How to Handle a Toxic Family Member

how to deal with a toxic family member

A toxic relative can blow up a Thanksgiving dinner, destroy a weekend visit, and leave a path of destruction through a family vacation. They bring new meaning to the term “nuclear family.”

You can’t cut the bad apples from the family tree, but that doesn’t mean you have to let their poison spread from branch to branch. This week, with big thanks to an anonymous listener in Vancouver, we’ll reveal five options to distance yourself from a toxic person in your family.

How to Deal with Toxic Family Members

  1. To get started, get clarity.
  2. Rewrite your part in the family drama.
  3. Test out new rules of engagement.
  4. Surf the wave.
  5. Cut ties, for a while or forever.

Option #1: To get started, get clarity.

With toxic family members, we are often blinded to reality. Sometimes we’re blinded by optimism: we overlook their latest shenanigans because we just want to smooth things over. We make excuses for them under the guise of hope. We are loyal because they’re blood.

But sometimes we’re blinded to the reality of the situation by resentment. We ignore their efforts to reach out because we’re holding a grudge. We think they’re being manipulative or aren’t capable of change. Often that’s true, but sometimes it’s not.

So start by trying to see things as they really are. A helpful way to do this is to make a big list. On one side, write down the good times—those times you’ve felt supported by them, they came through for you, you felt loved. On the other side, write out the bad times—the times they hurt you, ignored you when you needed help, or actively tried to undermine or control you. Look at both frequency and magnitude. Seeing your interactions in black and white can help you determine whether your relationship deserves to be thrown a life preserver or is essentially dead in the water.

Option #2: Rewrite your part in the family drama.

Remember As You Like It from high school English class? “All the world’s a stage and all the men and women merely players.” But here’s the little-remembered next line: “They have their exits and their entrances, and one man in his time plays many parts.”

If you’re stuck in family drama, maybe it’s time to play another part. For instance, a 23-year-old client of mine—we’ll call her Riley*—realized her parents had unwittingly assigned her the role of convincing her self-destructive brother to turn his life around while they simultaneously covered for his DUIs and insisted he’d surely look for a job any day now.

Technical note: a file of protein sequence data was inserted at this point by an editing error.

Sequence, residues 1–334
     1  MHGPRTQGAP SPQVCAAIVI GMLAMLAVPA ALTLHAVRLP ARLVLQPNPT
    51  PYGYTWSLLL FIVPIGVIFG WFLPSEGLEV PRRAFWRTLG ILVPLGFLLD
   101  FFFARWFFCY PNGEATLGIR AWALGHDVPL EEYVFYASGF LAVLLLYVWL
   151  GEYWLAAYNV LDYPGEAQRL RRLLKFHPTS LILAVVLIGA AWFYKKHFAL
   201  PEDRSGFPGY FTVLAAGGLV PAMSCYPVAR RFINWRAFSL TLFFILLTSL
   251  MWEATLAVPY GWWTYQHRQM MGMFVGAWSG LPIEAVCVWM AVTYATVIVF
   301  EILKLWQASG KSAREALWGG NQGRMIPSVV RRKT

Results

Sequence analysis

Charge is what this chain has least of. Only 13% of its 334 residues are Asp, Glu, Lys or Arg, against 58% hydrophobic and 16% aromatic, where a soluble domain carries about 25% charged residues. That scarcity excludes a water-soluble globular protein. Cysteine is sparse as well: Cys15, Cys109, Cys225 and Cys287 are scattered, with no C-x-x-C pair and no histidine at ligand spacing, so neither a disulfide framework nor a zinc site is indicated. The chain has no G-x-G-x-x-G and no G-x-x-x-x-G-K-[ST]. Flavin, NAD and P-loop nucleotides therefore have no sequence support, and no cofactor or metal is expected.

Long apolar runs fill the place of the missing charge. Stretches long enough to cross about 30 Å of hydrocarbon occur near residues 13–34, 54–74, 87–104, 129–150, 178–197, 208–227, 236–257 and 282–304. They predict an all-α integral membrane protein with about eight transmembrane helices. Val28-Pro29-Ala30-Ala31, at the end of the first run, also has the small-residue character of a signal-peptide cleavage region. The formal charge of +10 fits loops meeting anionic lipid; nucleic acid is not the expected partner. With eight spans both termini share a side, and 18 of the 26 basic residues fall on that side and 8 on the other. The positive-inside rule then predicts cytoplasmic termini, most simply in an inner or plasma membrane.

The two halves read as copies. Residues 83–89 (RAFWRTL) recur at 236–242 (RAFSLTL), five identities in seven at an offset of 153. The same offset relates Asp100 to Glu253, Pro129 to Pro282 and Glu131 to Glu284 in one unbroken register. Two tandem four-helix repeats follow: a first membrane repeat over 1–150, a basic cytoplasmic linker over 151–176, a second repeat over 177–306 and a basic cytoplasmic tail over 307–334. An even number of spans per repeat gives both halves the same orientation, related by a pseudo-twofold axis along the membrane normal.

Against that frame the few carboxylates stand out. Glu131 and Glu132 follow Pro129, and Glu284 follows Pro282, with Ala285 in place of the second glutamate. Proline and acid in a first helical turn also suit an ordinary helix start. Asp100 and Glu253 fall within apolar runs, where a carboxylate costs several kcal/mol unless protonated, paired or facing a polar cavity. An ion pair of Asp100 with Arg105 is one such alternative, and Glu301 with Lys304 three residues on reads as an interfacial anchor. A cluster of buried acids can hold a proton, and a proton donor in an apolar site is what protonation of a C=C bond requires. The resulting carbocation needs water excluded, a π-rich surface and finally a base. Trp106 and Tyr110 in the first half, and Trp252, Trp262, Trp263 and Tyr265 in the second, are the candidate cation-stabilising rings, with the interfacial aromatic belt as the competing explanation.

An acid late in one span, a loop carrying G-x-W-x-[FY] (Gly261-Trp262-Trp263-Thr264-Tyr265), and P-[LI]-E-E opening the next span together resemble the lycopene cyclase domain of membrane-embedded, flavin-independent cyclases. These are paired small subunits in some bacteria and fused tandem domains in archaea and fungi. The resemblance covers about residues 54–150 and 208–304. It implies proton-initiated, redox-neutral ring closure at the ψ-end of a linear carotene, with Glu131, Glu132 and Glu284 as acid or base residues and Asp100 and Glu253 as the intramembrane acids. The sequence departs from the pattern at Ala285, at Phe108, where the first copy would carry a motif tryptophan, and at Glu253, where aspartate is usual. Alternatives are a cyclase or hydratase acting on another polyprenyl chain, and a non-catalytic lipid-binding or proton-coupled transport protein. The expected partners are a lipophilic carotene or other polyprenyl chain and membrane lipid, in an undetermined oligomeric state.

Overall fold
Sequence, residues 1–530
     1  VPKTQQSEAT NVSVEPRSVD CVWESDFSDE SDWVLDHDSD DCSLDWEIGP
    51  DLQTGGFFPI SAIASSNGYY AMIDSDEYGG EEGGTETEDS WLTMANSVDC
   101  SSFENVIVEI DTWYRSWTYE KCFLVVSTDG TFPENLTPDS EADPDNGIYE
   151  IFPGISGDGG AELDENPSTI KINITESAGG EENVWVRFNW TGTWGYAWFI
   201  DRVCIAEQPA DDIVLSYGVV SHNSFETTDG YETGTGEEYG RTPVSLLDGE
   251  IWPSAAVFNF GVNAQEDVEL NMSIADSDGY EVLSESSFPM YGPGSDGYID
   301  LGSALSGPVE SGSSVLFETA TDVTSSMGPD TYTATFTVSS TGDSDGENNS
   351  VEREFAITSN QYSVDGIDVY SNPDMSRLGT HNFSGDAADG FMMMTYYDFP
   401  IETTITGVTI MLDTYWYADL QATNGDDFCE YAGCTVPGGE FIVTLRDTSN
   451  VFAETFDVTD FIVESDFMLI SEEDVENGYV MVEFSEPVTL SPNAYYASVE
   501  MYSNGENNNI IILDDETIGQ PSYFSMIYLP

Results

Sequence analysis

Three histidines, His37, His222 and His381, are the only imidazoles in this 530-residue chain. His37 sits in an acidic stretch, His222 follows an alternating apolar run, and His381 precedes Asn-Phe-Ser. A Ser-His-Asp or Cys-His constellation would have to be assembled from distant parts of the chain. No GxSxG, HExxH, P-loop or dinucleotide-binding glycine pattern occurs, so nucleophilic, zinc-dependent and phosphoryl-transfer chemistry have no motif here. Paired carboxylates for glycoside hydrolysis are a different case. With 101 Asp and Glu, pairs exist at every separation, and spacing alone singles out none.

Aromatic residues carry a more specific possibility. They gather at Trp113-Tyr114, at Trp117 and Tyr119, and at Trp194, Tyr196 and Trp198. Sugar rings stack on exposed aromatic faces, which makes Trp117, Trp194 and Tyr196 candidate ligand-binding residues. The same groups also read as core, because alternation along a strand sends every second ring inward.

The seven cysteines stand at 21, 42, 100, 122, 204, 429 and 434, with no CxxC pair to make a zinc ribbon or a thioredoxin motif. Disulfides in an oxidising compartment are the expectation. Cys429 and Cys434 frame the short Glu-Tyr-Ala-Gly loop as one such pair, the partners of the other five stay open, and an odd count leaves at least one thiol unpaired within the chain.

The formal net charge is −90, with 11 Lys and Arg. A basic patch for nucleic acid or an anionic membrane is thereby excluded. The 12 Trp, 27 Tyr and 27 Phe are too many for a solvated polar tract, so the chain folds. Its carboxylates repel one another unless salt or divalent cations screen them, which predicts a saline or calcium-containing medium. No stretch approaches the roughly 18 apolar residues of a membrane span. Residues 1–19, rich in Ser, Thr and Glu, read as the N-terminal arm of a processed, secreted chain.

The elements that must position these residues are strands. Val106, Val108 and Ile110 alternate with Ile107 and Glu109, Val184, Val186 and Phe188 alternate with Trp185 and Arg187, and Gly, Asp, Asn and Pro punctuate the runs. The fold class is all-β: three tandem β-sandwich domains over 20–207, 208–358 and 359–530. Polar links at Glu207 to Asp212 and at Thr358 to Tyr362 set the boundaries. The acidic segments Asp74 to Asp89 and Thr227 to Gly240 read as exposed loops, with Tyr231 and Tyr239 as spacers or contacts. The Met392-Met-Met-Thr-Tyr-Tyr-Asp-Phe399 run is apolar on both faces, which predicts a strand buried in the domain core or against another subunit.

Riley realized it was a losing battle to try and save him while her parents enabled him. Only he could save himself, plus her parents needed to gather the courage to talk to him directly rather than send her as the messenger. Ultimately, Riley set some limits—she wouldn’t act as their go-between and she wouldn’t participate in phone calls where they worried about him without taking action. She didn’t drop out of the play, but she did rewrite her role.

Option #3: Test out new rules of engagement.

A toxic family member is like a forest fire—they need to be contained by drawing some lines. There are lots of ways to contain how you interact with them: you can set limits on the size of the group, duration of contact, location, and more.

For instance, you can decide you’re willing to visit but only if you stay in a hotel. Perhaps you’ll only see them at big events like weddings or funerals, not intimate gatherings. Maybe you’re willing to see them when they’re less likely to be drinking, like kids’ birthday parties or brunch. Maybe texts and emails are fine, but not long, draining, one-sided phone calls. Perhaps you’ll see them for a meal, but nothing longer.